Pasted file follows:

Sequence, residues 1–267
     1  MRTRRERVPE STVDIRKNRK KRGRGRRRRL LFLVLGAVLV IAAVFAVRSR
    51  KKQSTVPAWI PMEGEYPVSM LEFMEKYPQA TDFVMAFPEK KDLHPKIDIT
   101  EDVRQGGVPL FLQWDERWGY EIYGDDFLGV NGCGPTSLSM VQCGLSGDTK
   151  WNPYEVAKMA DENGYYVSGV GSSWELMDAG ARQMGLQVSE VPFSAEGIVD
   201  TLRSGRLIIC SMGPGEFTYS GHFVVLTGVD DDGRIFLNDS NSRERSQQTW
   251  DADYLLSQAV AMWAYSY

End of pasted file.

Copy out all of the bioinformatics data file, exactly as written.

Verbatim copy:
Sequence, residues 1–267
     1  MRTRRERVPE STVDIRKNRK KRGRGRRRRL LFLVLGAVLV IAAVFAVRSR
    51  KKQSTVPAWI PMEGEYPVSM LEFMEKYPQA TDFVMAFPEK KDLHPKIDIT
   101  EDVRQGGVPL FLQWDERWGY EIYGDDFLGV NGCGPTSLSM VQCGLSGDTK
   151  WNPYEVAKMA DENGYYVSGV GSSWELMDAG ARQMGLQVSE VPFSAEGIVD
   201  TLRSGRLIIC SMGPGEFTYS GHFVVLTGVD DDGRIFLNDS NSRERSQQTW
   251  DADYLLSQAV AMWAYSY